My journey with cast iron began many years ago, very soon after I realized that Teflon coated cookware never did any favors for anyone’s health. So I decided it was time to learn how to use cast iron in the kitchen.
The road to success was a bumpy one. It didn’t matter what kind of oil I used; everything seemed to stick. I even ruined a cast iron frying pan by attempting to cure it with a hearty coat of olive oil. Such a goopy, sticky mess I never did see!
Truth is, I almost gave up on cast iron. While I didn’t like the idea of Teflon-coated pans, cast iron just wasn’t working for me. But I didn’t want to give up, so I began doing some online research. And I soon discovered that a person can’t approach cast iron like they would Teflon.
When I was a little girl, I had learned how to cook on Teflon pans. And if I was going to learn how to cook with cast iron, I needed to re-learn everything I thought I knew.
And you’ll have to do the same!
Seasoning Cast Iron: the Secret to Success
Because I was accustomed to “pre-finished” pans, I never stopped to think that my pan might need help or maintenance. However, nothing could be more true of cast iron!
Cast iron’s non-stick finish is created by baked on oils. Yes, you create a non-stick surface by applying fats or oils, then baking the cookware in a 400F oven.
Once you’ve created this finish, it doesn’t mean it’s good for the next 10 years! Over time, these oils wear down and eventually, the pan begins to lose it’s non-stick qualities. As a home cook, your job is to re-season and cure your cast iron cookware every 6-12 months to maintain that finish.
Without it, cast iron cooking is a frustration indeed.
Once I understood this, things began changing and I learned how to cure cast iron for that non-stick finish we all want.
How to Season Cast Iron Cookware
Seasoning or curing cast iron isn’t difficult, but the process does take time and may smoke up your home a bit. I recommend that you keep your hood range vent on throughout the entire curing process. And open a window, if needed!
Step 1: Preheat the oven
There are varying opinions on just how hot your oven should be for the seasoning process. Some cast iron uses claim that lower temperatures are better, while some people (like myself) insist that 400F has been the sweet spot for them.
Regardless of the temperature you choose, preheat the oven while you are oiling up your pan.
Step 2: Apply a light layer of oil
When seasoning cast iron, be sure to use oils that have a hard finish! I prefer lard, tallow or coconut oil. If you want to learn how to render animal fats, you can get my tutorial here.
Generously apply your fats/oils to the cookware with your hand, being sure to cover the entire surface and rim. While you want your pan looking moist and wet, you actually don’t want too much oil. Excess oil results a bumpy, uneven finish.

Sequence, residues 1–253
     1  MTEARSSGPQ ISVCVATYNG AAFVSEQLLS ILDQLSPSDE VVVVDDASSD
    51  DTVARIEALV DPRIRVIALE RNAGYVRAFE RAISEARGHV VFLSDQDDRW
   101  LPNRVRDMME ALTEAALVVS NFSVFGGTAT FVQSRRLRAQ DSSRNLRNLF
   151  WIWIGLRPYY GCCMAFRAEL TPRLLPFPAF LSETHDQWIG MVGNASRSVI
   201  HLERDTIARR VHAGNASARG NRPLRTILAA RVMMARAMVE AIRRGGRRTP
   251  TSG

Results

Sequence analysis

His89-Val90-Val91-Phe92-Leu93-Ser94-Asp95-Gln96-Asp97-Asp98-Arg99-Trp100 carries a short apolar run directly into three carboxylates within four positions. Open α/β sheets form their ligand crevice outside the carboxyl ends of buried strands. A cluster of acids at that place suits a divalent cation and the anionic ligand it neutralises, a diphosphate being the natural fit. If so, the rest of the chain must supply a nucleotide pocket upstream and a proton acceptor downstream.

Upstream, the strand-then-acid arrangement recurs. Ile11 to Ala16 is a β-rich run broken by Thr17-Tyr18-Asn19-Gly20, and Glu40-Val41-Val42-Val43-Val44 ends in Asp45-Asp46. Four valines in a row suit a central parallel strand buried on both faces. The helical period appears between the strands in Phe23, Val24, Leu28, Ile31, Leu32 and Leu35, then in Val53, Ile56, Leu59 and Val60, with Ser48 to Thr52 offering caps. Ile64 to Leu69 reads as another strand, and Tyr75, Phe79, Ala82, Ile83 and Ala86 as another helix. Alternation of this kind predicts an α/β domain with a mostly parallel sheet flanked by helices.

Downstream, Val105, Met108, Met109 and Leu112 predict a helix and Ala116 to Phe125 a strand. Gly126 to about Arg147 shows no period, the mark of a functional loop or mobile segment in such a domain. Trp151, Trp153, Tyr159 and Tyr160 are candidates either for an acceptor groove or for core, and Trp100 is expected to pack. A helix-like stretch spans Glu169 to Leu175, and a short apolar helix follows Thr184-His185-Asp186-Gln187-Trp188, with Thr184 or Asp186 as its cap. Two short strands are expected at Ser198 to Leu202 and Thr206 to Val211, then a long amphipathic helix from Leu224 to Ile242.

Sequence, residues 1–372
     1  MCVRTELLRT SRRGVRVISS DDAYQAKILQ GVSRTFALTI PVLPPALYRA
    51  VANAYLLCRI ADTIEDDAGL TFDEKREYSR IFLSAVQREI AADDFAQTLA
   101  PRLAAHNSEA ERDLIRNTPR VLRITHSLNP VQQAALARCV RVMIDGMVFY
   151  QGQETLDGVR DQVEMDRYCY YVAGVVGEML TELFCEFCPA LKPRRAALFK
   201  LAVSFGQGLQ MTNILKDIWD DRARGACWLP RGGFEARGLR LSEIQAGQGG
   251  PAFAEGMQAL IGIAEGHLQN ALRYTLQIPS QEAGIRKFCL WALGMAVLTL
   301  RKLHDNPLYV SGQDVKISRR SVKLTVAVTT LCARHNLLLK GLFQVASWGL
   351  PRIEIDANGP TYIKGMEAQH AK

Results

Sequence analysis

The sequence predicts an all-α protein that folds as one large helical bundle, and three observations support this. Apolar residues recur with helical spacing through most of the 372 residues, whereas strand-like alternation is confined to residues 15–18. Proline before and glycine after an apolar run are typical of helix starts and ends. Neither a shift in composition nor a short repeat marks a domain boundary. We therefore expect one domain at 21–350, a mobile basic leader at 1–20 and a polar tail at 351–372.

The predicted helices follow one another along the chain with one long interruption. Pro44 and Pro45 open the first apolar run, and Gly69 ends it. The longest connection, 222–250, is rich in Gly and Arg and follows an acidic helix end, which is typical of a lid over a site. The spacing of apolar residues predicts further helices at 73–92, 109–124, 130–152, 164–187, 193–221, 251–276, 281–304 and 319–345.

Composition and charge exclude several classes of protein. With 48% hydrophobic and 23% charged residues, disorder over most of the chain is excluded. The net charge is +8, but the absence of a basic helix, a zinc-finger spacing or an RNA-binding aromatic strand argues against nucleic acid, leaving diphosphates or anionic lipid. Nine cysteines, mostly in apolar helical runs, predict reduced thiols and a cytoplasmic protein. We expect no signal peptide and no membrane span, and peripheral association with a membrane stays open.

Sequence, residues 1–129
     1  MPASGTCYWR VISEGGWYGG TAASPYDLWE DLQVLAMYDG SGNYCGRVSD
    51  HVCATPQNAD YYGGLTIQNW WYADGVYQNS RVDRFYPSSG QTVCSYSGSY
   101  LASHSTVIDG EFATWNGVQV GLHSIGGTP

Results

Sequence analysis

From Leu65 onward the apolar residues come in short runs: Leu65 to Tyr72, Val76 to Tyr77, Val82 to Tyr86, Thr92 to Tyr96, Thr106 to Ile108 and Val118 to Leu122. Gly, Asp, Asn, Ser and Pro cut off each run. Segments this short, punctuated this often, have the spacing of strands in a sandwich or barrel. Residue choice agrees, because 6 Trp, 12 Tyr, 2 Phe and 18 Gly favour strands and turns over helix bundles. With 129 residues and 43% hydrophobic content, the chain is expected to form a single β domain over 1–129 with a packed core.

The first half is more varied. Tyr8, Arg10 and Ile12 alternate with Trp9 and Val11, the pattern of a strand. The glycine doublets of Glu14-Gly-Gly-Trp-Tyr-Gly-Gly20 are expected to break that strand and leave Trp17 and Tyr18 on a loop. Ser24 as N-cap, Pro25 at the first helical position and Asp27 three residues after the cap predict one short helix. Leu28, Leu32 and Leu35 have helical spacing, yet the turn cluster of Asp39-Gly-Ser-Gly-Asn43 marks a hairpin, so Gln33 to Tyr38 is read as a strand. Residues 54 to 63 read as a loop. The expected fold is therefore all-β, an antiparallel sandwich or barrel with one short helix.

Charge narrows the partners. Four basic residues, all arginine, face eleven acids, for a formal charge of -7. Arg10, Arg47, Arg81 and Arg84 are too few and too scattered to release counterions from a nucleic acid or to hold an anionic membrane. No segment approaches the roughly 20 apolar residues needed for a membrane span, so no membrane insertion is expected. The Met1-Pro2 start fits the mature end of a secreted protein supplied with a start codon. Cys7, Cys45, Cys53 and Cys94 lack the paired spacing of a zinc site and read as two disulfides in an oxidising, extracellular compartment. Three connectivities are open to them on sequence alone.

After you’ve saturated your pan, take a paper towel and run it around the pan, removing unwanted oil. You want a very thin layer that will bake on in 45-60 minutes.
Step 3: Bake Cookware Upside Down
Once your cookware has been oiled, it’s time to pop it into the oven. Here’s where things get odd. Instead of curing it right side up, turn your cookware upside down. I don’t know why, but upside down pans always result in a smoother, more even finish!
Because your pan may drip, you can put a cookie sheet below to catch any oils. Otherwise, they will bake onto the bottom of your oven.
Step 4: Set a Timer
If you leave your cast iron in the oven for too long, you may end up burning the finish off. For this reason, I recommend setting a timer for 45-60 minutes. Be sure to check it after this time passes by.
Step 5: Reapply Oil and Return to Oven
After an hour has passed by, check your cookware. Does it look dry and black? Or does it still have wet-looking spots that resemble raindrops?
If it’s “dry” you’re ready for another coat. However, if it looks speckled, put it back in the oven for another 30 minutes.
Step 6: Repeat, Repeat, Repeat
If your cast iron has been properly cared for, you shouldn’t need more than 2, maybe 3 coats. However, when working with very old, worn down pans, I like to season my cast iron until it has a glossy, black finish.
At first, the gloss will come slowly and in patches. These shiny black spots will eventually grow until the entire pan has a sleek, black look that reflects the light. And then? It’s ready for use! And from there on, your cast iron should only need to be seasoned 1-2x per year, with 1-2 coats!